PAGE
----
Bring on the Boomers!

Nothing stays the same for long, that’s for sure. Of course, had we been living in the beginning of the 20th century rather than the beginning of the 21st century, we’d have faced dramatic change too: the agrarian economy gave way to the industrial economy; electricity transformed peoples’ lives; railways brought the cities and the countryside closer together, and the telephone revolutionised communication.

Yet, the rate of change seems to be faster and deeper today than even, say, 40 years ago. Perhaps the biggest change for older workers, and the most challenging, is in communication and information technology. Many Baby Boomers (those born between 1946 and 1964, as you probably know), having entered the workforce before the advent of computers, were aghast at having to learn even the basics and although most coped, some remain ‘technologically challenged’.

But is that a big deal? Why not assign the right duties to the right people, which you should be doing anyway? Younger employees generally thrive on technology while many older employees are more comfortable using other skill sets. No big deal. When you need a mature employee (there, that sounds better than older employee, doesn’t it?!) training and practice will save the day. Everyone can learn when they want to, whatever their age.

As a matter of fact, mature people learn just as quickly as immature people (oh, that sounds bad doesn’t it?!) Strike that. Mature people learn as quickly as younger people and what’s more, there is a lot of research evidence suggesting that once the oldies have acquired a skill, they can apply it more effectively. This is partly due to their experience and partly to their brains: inductive reasoning (moving from the specific to the general) and spatial orientation (awareness of the space around you and where your body is in relation to it) peak at around 50 years of age and verbal abilities and verbal memory peak at around 60 years.

Baby Boomers tend to be easier to manage, too, because they don’t expect as much from their employers and their managers and do many younger workers. They’ve been conditioned into accepting ‘mushroom management’ (let’s just say being treated more like cogs in a wheel than real live people), so many will still put up with a lot more expletive deleted than younger people are willing to. Boomers are also likely to stay in the job longer if for no other reason than they know it’s harder for them to find jobs than the 20- and 30-somethings.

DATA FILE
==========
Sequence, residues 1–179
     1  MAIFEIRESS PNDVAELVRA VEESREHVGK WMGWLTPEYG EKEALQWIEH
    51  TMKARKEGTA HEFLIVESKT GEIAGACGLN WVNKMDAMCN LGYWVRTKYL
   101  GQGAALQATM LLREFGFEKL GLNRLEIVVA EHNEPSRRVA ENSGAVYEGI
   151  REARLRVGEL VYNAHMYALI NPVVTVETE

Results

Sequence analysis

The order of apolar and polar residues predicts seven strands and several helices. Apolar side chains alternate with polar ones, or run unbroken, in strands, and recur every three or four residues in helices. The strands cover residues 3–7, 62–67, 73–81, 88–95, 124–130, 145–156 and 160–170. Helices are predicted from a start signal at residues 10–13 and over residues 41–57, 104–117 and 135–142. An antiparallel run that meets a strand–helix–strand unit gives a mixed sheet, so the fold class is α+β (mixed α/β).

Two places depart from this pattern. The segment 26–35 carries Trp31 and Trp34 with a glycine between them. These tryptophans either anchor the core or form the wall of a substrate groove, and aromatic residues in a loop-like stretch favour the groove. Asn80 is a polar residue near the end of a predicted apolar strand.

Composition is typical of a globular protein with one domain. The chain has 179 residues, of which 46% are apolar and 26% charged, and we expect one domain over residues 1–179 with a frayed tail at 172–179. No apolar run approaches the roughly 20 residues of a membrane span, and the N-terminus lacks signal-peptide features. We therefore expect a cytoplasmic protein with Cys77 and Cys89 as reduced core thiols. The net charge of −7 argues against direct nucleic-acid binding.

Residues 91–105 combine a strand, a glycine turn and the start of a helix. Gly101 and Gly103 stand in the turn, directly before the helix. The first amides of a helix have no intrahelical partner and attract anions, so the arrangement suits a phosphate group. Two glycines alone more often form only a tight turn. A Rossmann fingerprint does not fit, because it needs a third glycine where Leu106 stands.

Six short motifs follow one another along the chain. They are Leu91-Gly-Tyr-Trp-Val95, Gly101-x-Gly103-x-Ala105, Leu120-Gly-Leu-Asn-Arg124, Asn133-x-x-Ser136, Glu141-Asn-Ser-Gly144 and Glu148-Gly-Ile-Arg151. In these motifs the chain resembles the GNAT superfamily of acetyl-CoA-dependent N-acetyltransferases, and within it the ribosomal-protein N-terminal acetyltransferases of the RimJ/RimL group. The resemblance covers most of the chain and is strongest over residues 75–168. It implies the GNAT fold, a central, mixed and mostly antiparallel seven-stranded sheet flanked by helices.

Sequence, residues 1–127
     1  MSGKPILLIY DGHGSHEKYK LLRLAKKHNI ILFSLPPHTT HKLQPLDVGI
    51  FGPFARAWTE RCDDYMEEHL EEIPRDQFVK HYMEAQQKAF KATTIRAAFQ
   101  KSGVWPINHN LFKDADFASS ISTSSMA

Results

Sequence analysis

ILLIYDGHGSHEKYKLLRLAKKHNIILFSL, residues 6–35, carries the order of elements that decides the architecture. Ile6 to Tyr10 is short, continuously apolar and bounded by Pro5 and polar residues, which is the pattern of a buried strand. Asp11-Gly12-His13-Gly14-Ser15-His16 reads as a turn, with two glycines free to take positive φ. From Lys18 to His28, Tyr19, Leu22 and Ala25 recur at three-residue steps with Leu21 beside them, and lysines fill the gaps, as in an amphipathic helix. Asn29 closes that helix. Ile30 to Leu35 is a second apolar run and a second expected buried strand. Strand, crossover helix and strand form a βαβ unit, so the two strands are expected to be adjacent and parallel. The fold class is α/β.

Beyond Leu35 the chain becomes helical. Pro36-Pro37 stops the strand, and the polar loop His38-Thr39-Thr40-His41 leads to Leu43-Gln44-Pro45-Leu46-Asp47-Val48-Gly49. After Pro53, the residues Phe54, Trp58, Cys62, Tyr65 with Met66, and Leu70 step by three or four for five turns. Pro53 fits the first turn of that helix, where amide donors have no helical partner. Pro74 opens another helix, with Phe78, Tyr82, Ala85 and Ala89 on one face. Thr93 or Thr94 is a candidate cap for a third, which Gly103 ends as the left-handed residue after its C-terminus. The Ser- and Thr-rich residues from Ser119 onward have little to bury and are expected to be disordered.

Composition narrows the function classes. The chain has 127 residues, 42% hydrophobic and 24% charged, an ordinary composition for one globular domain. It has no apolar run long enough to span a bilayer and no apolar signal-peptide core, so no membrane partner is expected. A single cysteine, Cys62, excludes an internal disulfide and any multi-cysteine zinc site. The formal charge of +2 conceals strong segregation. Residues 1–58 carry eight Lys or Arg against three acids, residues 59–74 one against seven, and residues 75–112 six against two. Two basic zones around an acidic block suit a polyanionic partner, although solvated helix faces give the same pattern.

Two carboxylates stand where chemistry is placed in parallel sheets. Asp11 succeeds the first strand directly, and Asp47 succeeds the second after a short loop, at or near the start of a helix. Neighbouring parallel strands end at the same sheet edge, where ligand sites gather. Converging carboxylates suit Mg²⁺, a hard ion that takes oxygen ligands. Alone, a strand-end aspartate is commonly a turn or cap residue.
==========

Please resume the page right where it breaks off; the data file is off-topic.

In shying away from mature workers, organisations are missing out on the benefits of their experience, their accumulated common sense and their ability to think problems through and follow up on their solutions to make sure they’re working. They’re also missing out on older workers’ ability to tap into all the networks and relationships they’ve built up over the years, their willingness to not move on to greener pastures and their willingness to put up with–but let’s not go there again.

It doesn’t matter, though, because just around the corner, organisations won’t be able to afford the luxury of ignoring the older talent pool. There simply aren’t enough younger workers entering the workforce to replace the retiring Boomers. Then everyone will just have to learn to work together. Goodness, what a thought!


Do you give team members enough feedback?

When people join an organisation or transfer to a new team, the ‘settling in’ process includes figuring out where and how they fit in. This is called ‘calibration’. The answer is probably going to be different to a person’s place in their last team. That’s why role clarity and plenty of feedback are extremely important to helping people make smooth transitions. (Chapters 11 and 24 of the text have more information on this.)